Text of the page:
There are nearly 10 large crypto exchanges in India with the estimated user base of about 5 to 6 million. While it’s still not clear what exactly the Indian government’s move is against the cryptocurrencies, what’s clear is the fact that banning digital currencies in the country is going be a hard nut to crack. This is because cryptocurrencies are not bound by any national jurisdiction. Rather, they are powered by Blockchain Technology which is a decentralized, distributed, and public online ledger used to record transactions.
Last month, the finance minister of India, Arun Jaitley chaired a meeting of officials of the nation’s central bank, the market regulator, and a committee that’s tasked with framing rules to regulate the ecosystem. They are together said to have discussed about banning the use of private cryptocurrencies in India. However, it is anticipated that simply buying, selling and transacting in digital coins will be banned and not their possession.
Well, cryptocurrencies are not based-on a crypto exchange’s wallet since they can be stored on cloud storage platforms such as Dropbox, a private digital wallet or even in a pen drive or a laptop. The Founder, and CEO of an Indian cryptocurrency exchange WazirX, Nischal Shetty explains, “Therefore, even if the government decides to ban the possession, it will be just impossible to implement it.”
Another way the Indian government could prohibit citizens from transacting in digital currencies could be by clamping down on the exchanges and down their shutters forcefully.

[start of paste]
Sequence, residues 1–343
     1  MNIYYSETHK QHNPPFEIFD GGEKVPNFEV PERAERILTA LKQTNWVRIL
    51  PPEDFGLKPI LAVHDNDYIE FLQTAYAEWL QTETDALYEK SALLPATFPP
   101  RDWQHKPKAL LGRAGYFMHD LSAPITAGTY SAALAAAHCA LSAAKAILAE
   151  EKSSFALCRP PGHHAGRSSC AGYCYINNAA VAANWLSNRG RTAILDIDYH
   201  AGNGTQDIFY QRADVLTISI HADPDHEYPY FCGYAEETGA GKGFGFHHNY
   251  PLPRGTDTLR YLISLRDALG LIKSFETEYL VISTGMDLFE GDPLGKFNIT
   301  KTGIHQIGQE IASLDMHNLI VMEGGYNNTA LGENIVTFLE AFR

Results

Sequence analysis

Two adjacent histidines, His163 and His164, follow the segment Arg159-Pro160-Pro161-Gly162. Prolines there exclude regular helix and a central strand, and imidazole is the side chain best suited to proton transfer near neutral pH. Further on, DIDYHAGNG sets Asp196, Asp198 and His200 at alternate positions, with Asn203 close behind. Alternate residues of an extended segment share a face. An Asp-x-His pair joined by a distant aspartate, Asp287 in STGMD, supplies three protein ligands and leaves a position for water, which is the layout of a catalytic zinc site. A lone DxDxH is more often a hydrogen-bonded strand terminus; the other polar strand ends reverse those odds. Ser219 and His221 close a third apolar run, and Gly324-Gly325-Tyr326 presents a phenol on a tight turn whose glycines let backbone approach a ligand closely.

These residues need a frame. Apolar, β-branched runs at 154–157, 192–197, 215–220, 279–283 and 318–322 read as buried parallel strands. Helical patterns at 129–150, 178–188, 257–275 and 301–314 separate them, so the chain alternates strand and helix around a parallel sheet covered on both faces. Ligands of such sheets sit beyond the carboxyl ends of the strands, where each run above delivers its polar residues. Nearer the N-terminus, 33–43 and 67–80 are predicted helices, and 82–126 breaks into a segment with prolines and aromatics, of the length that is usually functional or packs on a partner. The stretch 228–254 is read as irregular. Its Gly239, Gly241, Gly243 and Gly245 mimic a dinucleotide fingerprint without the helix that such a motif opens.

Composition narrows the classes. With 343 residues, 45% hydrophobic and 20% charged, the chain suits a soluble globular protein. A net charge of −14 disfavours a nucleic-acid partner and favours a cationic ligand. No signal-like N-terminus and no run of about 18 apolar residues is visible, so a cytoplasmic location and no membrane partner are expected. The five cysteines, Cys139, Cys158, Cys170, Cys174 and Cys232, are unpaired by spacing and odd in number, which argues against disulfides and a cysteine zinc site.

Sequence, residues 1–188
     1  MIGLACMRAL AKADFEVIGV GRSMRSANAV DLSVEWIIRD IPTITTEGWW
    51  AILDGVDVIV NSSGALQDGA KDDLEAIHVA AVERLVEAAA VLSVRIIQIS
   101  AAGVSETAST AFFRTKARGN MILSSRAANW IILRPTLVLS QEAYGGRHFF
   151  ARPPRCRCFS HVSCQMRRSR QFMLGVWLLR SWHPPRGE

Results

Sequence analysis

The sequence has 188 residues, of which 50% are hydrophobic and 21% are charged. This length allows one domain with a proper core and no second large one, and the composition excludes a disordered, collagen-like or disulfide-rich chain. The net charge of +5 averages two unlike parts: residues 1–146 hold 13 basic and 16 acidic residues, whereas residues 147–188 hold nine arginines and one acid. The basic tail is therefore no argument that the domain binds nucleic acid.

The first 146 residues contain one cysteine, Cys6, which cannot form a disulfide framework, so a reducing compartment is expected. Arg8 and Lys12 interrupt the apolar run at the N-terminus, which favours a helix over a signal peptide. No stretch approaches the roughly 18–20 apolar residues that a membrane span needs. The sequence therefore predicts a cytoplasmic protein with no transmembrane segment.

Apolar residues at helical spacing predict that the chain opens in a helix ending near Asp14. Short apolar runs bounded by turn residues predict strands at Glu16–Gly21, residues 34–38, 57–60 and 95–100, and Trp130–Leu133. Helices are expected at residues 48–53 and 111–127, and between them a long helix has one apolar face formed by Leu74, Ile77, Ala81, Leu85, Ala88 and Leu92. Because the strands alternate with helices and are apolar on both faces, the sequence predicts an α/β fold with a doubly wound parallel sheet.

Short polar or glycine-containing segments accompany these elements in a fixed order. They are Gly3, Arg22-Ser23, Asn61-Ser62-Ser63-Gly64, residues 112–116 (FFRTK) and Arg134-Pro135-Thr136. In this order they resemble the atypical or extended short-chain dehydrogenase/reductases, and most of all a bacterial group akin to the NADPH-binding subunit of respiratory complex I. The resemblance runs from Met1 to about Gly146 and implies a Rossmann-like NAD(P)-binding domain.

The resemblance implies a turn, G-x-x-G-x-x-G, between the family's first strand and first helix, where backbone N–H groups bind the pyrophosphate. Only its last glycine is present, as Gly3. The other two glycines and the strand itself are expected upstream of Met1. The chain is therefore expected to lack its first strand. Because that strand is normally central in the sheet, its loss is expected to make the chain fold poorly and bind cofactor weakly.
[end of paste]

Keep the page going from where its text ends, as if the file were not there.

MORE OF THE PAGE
But even that might not necessarily be any solution. Shetty said, “The government can successfully ban the known, big exchanges; but then small, hyperlocal exchanges will possibly come up, and it will be tough to keep track of, and block them.”
Apart from that, in case Indian exchanges are shuttered, then a cryptocurrency trader can relocate to any of the several global bourses. However, these are treated as foreign transactions which Indian government has imposed checks and balances on.
Indeed, there are ways to avoid that too. Cryptoinvestors may resort to P2P channels to transfer their investments into the overseas exchanges. Tanvi Ratna, policy counsel at Incrypt, explains, “Once an Indian (citizen) is invested in foreign exchange, it might become impossible for the government to trace his or her investments because most foreign exchanges also allow conversion to private coins which makes transactions untraceable.”
However, the risk element will be very high for such traders. The former deputy governor of the RBI, R Gandhi, said, “As any transaction in crypto will have to be settled in real currency, somewhere the formal system will be able to catch it, especially if a forex dealing is involved.”
Another possible step that the government could take to prevent crypto trade in India is to block the websites of global bourses within the country. But if that happens, then there are ways to circumvent such moves too.
CEO of Elemential, Raunaq Vaisoha, explains, “The government’s motive to curtail the macroeconomic impact of cryptocurrencies can be taken care of to a large extent with a ban, but there are still ways to access the blocked sites by using a VPN (virtual private network).”